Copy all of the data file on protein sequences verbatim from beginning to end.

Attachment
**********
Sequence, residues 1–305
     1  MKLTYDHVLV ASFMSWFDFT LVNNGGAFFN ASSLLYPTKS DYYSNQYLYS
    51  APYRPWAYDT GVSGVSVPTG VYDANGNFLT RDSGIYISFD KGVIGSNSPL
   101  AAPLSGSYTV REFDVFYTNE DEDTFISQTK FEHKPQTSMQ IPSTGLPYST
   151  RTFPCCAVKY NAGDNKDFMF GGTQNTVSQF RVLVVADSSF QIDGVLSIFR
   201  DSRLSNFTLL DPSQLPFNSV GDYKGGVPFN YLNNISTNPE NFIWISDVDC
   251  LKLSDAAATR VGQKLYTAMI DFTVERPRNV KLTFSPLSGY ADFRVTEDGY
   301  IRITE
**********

Sequence, residues 1–305
     1  MKLTYDHVLV ASFMSWFDFT LVNNGGAFFN ASSLLYPTKS DYYSNQYLYS
    51  APYRPWAYDT GVSGVSVPTG VYDANGNFLT RDSGIYISFD KGVIGSNSPL
   101  AAPLSGSYTV REFDVFYTNE DEDTFISQTK FEHKPQTSMQ IPSTGLPYST
   151  RTFPCCAVKY NAGDNKDFMF GGTQNTVSQF RVLVVADSSF QIDGVLSIFR
   201  DSRLSNFTLL DPSQLPFNSV GDYKGGVPFN YLNNISTNPE NFIWISDVDC
   251  LKLSDAAATR VGQKLYTAMI DFTVERPRNV KLTFSPLSGY ADFRVTEDGY
   301  IRITE